prolix = weitschweifig, wortreich, ausschweifend, umständlich, geschwätzig



“It is fiercely competitive. Compared with the PROLIX, PowerPoint-heavy bidding processes for prime contracts, Anduril relishes… competitions in which the Department of Defence (DoD) tests commercial products against each other.”

Schumpeter — The Economist (16th February 2023)

Did you


- using too many words and therefore boring or difficult to read or listen to

- unduly prolonged or drawn out : too long

-  marked by or using an excess of words

The Cambridge Dictionary / Merriam-Webster


“Prolix” derives from the Latin prolixus, which is composed of pro- “forward” and laxus “stretched out, loose”.

The literal Latin meaning of prolixus is therefore "stretched out forwards" or "extended in length".

Figuratively, it was already used in Latin with the meaning "wordy, verbose".

This meaning carried over into 13th century Old French as prolixe and then into English as "prolix" by the 1520s. The word entered German as a loan word from Latin or French.


Mr Ananta Ram holds the world record for the longest speech marathon at 90 hours and two minutes, in Kathmandu, Nepal — the “speech-a-thon” was held from 27th to 31st August (2018 Guinness Book of Records).

How many words are in a 90-hour long speech? At a normal speaking rate of 130 words per minute (wpm), Mr Ram's speech would have contained 702,260 words.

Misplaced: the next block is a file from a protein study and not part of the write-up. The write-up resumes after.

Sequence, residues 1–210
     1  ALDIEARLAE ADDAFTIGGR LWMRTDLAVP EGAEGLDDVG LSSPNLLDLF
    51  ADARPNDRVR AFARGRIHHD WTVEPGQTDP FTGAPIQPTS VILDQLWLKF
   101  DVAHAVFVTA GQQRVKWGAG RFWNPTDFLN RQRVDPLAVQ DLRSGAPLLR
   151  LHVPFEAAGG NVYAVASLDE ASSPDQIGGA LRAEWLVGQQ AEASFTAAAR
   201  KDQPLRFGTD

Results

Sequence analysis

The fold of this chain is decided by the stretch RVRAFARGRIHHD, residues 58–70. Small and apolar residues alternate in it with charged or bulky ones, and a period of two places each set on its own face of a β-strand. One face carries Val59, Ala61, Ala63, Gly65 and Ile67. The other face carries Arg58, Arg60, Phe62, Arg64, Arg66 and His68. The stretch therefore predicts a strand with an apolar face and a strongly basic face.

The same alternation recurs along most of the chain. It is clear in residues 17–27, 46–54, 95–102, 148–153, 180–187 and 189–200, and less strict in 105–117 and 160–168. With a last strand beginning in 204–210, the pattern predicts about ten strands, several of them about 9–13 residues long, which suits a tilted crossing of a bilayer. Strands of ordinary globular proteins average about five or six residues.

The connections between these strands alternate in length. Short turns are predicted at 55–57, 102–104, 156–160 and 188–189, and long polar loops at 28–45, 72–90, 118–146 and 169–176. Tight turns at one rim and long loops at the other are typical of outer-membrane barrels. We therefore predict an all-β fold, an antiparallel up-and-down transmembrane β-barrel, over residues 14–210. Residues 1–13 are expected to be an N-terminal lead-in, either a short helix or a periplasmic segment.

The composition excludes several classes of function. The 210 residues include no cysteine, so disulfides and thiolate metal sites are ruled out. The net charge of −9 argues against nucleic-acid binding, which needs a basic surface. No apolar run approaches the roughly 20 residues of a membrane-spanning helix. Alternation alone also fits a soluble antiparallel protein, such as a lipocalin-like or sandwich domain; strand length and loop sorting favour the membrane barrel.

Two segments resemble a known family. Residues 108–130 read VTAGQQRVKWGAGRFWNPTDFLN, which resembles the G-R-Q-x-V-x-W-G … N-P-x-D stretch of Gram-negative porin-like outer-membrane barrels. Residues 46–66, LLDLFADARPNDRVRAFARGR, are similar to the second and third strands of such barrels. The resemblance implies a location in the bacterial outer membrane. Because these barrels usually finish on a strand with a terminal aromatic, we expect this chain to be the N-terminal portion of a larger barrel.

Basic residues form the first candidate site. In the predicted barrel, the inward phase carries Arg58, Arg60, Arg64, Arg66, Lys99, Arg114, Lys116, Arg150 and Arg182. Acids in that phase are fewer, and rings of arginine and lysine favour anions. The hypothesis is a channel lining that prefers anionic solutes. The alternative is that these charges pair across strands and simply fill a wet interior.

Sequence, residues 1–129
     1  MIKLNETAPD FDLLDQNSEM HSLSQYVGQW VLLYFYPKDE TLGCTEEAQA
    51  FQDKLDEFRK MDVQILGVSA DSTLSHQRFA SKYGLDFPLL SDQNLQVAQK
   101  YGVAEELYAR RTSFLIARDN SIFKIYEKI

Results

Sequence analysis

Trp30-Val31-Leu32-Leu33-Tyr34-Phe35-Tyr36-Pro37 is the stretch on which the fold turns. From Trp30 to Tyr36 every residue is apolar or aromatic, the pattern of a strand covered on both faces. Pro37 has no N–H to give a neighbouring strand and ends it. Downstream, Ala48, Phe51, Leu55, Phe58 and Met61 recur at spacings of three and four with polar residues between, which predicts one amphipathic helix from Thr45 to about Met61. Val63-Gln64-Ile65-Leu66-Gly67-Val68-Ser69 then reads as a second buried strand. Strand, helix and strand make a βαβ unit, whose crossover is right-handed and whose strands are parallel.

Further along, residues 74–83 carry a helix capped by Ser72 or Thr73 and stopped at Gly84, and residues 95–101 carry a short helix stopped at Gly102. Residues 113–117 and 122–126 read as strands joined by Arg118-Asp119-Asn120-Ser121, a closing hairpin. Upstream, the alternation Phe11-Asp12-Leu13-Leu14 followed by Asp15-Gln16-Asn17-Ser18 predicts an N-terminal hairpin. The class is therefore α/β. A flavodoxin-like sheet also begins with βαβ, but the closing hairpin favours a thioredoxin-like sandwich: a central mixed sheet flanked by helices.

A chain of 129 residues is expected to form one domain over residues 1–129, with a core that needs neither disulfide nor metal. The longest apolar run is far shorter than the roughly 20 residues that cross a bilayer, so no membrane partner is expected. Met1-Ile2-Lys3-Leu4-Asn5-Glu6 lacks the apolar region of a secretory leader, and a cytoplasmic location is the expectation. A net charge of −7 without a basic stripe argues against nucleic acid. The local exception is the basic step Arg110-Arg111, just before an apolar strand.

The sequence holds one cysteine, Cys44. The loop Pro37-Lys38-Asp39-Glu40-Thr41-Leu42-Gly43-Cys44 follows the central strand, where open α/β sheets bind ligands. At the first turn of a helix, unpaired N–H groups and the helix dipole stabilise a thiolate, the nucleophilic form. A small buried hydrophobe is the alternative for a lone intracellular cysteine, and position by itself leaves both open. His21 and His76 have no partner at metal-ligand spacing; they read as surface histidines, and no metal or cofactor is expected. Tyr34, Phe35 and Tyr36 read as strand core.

abstruse, bombastic, circuitous, circumlocutory, convoluted, copious, diffusive, endless, expansive, far from succinct, full of hot air, gabby, garrulous, gassy, grandiloquent, incessant, in full swing, interminable, lengthy, lingering, logorrheic, long-drawn (-out), long-winded, loquacious, maundering, meandering, multiloquent, nebulous, never-ending, nonstop, overlong, padded, palaverous, periphrastic, pleonastic, PROLIX, prolonged, protracted, rambling, repetitious, repetitive, sesquipedalian, spun/stretched/strung out, talkative, tedious, tedium, turgid, unbroken, unceasing, unending, uninterrupted, unremitting, unsuccinct, verbose, voluble, wordy

SMUGGLE OWAD into an English conversation, say something like:

“PROLIX explanations usually leave listeners impatient and confused.”

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